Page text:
Chris very nice post…I just had a long conversation with someone about goal setting and writing down your goals and reviewing them regularly…in many ways I think of my daily lists as mini goal lists…i.e. the battles within the war of achieving my goals…I also look at my lists and check them against my goals and if there is something on my list that does not align with my goals I question why is it on the list. Keeping doing good things!


    Brenda Horton, you’re done! I’ll look to you.

  • David Delp

    For me the most important thing about list items, besides shopping lists, is that each item is an opportunity to focus. And focus feels great!

    John Deirsher Jr.’s Don’t list is a great idea. I support it whole hearted. I sometimes call them Don’t (Yet) lists. It’s so important to decide what you won’t do so you can focus on what you will do.

  • Pat Thomas

    I have always kept in-depth checklists. My reasoning: CHAOS OR CHECKLISTS! Your choice

  • Freedom Jackson

    Make plan Work Plan.

    Good post I always find it more helpful to start off the list with the most annoying aggravating item that you know you don’t want to do. That way the remainder of the day is down hill and you feel accomplished.

  • Rhys Jones

    I use checklists every day. I also apply a rule which is the opposite of one most of us were taught as children. My rule is “Try to put off to tomorrow the things that don’t have to be done today”. This rule means that the things on today’s checklist really are important. The list is not cluttered with items that can wait.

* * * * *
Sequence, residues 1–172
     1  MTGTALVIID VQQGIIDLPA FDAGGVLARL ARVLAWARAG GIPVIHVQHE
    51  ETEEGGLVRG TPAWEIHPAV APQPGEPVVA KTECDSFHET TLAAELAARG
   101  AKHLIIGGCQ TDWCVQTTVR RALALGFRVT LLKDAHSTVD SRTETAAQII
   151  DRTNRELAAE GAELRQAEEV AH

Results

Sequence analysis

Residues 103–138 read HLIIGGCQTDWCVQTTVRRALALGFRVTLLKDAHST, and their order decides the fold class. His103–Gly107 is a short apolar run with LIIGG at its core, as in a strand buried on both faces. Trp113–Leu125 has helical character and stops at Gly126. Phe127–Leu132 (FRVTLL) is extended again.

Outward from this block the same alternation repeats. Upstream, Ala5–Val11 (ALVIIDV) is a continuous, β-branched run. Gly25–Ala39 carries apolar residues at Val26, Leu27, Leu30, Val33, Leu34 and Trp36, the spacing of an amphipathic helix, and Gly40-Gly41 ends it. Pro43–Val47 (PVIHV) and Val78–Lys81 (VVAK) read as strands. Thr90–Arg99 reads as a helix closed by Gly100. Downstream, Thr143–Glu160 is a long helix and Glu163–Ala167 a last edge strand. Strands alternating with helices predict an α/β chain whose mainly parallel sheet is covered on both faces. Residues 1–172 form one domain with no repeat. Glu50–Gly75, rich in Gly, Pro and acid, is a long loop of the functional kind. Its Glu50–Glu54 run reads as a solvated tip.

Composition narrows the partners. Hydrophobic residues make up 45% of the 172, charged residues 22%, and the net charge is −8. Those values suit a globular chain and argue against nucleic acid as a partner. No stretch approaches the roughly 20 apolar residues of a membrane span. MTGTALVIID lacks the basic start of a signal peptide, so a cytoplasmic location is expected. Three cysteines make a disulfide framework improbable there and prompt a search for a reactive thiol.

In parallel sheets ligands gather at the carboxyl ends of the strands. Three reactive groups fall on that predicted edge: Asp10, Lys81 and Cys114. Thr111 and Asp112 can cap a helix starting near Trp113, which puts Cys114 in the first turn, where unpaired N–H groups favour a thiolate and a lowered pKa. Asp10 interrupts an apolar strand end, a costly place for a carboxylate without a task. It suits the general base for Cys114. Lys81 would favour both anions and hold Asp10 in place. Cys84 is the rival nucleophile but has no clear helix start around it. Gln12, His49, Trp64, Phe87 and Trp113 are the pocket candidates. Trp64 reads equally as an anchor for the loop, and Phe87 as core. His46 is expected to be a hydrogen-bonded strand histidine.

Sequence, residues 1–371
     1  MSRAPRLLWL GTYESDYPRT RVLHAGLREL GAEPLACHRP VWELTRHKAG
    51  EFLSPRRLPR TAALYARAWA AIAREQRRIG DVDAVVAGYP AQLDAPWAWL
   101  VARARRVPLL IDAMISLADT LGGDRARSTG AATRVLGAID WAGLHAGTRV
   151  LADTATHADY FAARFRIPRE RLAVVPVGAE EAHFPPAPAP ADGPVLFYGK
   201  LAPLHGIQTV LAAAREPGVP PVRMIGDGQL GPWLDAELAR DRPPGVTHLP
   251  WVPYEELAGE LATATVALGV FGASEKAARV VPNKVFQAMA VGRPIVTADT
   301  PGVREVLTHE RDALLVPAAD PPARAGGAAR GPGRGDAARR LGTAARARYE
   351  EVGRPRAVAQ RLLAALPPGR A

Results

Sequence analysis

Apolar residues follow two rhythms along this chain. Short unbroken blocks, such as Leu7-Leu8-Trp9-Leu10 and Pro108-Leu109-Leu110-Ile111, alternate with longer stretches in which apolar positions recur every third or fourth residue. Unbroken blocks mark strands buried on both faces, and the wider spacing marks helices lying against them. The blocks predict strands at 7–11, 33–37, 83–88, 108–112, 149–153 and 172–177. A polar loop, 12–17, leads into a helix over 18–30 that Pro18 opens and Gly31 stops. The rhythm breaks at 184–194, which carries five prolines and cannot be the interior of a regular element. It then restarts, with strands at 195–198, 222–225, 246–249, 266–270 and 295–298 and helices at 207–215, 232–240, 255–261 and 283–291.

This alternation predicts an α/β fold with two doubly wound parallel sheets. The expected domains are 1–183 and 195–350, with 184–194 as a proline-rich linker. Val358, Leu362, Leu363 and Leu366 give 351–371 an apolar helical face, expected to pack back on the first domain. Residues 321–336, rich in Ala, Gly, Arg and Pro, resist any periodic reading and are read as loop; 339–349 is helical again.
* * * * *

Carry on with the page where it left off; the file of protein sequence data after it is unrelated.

A more sophisticated version of a checklist is a mindmap. Does anyone else use them?

    • Chris Brogan

      I love mindmaps, but I don’t use them as my to-do system. Maybe my planning before the to-do.

  • Lindsay Hunt

    I’m so much more productive when I have an agressive to-do list for the day. Otherwise, I check off my 3 items and think I’m done. I used to stress out when there were items left that I didn’t finish, but now I remind myself that I accomplished more than I would have if I only listed what I thought was possible.

  • Braden Talbot

    Just don’t put 20 things on the daily checklist.

  • Jackie Shelley

    There’s a FANTASTIC book on this by Atwul Gawande called The Checklist Manifesto. He talks a lot about how amazing checklists are for saving lives in surgery centers and in huge construction projects, like skyscrapers and stadiums.

    Ever since reading the book, I downloaded and use an app called “Ultimate Checklist.” It’s fantastic for making checklists on my iPhone, and I can then email them to myself or print them out, or just use from my phone screen.

    Great topic! I’m going to have to use this one (I plan to copycat you a lot, hun :)